Michael Huxley is an author, nurse and founder of travel blog, the Bemused Backpacker. With hints, tips and advice for travelling the world, particularly those on gap years, Bemused Backpacker has built a loyal following with its stunning destinations and travel reviews.
We spoke to Michael about travel blogging, particularly how he likes to work with PRs and his personal pet peeves when it comes to PR/blogger outreach.
What makes your blog successful?
My audience without a doubt. There are other factors of course: integrity, tenacity and sticking with it for a long period when many others have given up; treating it as a business and not a blog; and trying to differentiate myself from everyone else out there! But I wouldn’t be anywhere without those who read what I write and say every single day. I have built up a lot of trust and a strong relationship with a good core of my regular readers and that just keeps growing.
How easy is it to become a great blogger?
It isn’t. It is easy to start a blog and call yourself a blogger, but there is a vast difference between that and being successful at it.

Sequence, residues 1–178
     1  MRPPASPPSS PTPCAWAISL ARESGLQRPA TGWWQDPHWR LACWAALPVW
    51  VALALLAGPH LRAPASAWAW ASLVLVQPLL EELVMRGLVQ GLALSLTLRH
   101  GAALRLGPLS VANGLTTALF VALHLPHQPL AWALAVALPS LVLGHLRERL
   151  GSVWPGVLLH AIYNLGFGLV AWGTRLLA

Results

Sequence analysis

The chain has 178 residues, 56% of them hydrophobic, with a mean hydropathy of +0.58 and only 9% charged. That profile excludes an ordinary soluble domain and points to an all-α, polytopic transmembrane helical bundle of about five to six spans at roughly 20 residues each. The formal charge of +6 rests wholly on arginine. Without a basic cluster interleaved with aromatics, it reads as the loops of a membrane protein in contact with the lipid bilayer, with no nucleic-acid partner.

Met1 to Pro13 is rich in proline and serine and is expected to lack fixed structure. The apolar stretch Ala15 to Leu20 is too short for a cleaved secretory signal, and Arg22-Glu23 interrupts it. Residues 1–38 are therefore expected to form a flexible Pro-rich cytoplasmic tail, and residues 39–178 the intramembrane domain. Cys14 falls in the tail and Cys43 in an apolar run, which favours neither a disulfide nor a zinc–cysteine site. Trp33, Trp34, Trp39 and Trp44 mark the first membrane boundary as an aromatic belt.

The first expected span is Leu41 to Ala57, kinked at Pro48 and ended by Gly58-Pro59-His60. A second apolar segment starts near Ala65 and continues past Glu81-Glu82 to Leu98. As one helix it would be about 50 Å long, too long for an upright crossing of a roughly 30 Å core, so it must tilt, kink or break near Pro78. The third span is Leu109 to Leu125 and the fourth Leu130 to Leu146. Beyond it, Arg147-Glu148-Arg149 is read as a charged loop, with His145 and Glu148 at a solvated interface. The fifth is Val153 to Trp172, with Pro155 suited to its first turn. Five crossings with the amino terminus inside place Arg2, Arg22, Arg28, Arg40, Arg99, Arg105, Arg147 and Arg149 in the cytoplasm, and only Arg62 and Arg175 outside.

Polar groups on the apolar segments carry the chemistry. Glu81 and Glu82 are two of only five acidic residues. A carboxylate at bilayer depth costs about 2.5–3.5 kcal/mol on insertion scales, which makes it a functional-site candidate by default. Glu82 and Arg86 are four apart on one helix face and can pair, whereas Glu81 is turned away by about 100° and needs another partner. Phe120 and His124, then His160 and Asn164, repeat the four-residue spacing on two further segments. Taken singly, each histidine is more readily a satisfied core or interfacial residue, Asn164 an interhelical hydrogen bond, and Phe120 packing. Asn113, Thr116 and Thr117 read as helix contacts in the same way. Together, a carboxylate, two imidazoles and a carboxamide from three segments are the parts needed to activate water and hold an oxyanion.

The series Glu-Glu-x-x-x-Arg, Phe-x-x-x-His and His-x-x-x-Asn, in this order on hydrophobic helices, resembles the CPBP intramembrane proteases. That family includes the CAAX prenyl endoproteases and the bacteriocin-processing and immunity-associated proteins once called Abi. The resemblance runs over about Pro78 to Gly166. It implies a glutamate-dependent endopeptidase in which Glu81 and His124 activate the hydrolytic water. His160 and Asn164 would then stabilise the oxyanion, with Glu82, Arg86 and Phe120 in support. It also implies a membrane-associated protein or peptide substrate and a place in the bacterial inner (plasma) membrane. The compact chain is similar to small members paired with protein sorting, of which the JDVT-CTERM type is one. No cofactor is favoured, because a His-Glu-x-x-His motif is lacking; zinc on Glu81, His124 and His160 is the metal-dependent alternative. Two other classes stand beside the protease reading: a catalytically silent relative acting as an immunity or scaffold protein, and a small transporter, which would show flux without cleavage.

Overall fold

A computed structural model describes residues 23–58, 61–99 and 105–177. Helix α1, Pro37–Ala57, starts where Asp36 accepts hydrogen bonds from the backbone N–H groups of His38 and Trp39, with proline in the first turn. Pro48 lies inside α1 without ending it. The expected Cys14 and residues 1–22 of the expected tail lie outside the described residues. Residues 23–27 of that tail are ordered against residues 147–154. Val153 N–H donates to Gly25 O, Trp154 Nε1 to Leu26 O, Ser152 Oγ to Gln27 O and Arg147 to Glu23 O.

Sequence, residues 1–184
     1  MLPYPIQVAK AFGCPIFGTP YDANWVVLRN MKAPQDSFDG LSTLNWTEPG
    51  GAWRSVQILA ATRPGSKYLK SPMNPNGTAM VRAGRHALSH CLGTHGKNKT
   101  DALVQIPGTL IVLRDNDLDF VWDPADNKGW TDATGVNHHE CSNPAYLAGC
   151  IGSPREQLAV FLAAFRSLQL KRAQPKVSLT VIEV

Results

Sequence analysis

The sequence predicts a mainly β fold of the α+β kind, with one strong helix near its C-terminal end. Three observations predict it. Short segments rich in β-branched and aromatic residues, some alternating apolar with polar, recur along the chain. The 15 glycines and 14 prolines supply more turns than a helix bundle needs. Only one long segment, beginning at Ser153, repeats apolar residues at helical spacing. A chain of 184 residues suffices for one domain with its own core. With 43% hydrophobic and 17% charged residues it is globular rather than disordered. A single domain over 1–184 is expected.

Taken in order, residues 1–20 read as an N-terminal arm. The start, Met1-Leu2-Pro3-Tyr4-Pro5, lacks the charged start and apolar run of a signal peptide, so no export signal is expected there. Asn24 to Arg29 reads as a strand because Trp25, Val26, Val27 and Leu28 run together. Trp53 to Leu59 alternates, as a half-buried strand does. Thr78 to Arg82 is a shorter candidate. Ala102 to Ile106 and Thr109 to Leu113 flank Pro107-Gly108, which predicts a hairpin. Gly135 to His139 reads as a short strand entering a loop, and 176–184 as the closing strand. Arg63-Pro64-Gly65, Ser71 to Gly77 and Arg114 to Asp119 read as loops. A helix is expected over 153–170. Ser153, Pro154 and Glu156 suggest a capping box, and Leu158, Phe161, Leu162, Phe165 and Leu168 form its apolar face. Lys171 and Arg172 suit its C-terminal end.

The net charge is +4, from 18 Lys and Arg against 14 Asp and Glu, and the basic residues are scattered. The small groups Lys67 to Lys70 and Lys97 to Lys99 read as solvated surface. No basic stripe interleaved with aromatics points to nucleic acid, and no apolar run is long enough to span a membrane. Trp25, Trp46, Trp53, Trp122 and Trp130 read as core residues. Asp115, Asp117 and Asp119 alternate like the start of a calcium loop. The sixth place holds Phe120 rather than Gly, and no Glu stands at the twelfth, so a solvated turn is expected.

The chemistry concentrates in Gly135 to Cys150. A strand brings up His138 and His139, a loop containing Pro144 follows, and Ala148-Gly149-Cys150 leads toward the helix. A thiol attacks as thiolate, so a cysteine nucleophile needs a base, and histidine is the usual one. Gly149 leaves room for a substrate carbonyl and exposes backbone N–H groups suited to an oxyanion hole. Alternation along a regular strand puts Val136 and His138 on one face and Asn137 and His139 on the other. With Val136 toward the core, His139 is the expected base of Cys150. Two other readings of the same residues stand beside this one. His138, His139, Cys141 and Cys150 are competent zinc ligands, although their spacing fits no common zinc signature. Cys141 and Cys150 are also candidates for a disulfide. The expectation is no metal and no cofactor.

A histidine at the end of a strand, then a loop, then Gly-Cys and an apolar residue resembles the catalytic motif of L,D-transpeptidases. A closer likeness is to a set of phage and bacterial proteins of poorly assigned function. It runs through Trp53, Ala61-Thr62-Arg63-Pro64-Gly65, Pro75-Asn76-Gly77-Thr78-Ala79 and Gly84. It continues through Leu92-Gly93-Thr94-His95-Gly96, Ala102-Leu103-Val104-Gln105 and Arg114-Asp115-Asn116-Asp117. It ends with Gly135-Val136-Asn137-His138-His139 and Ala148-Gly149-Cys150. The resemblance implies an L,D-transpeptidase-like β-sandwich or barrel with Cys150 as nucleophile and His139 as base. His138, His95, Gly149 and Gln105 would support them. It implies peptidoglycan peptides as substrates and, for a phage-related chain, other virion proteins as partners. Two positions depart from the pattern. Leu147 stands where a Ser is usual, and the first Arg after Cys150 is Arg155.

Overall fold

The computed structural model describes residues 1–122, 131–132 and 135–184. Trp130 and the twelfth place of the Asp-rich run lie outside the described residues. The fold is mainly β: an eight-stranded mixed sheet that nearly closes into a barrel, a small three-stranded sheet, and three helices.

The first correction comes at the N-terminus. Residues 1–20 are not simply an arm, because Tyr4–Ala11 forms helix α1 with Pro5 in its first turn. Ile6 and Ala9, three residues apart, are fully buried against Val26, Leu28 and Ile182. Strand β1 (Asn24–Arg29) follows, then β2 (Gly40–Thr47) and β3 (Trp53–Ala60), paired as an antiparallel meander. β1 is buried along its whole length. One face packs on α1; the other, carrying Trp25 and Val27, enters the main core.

What’s the best destination for new travellers?
I used to say Thailand, because it was such a traditional go-to backpacker destination with all the traveller infrastructure any backpacker or traveller would ever need, and it still is to a large extent, but now I would say Indonesia too. Or Malaysia. Hell, just south east Asia in general really!
What’s the best destination for seasoned travellers?
Anywhere they haven’t been yet!
Where haven’t you been that you’d still like to visit?
I’m still waiting for that opportunity to trek across Antarctica!
If you could only take three items with you when travelling, what would they be?
My camera, my notepad and a pen. I’m assuming I still get to keep my passport with me!
What should PRs know about you?
That I am not just a travel blogger, I am a professional with a business. I have set – and fair – rates for a variety of marketing services and offer a strong ROI for all of them. And I never work for free, so please don’t ask.
What are you favourites campaigns you’ve been part of?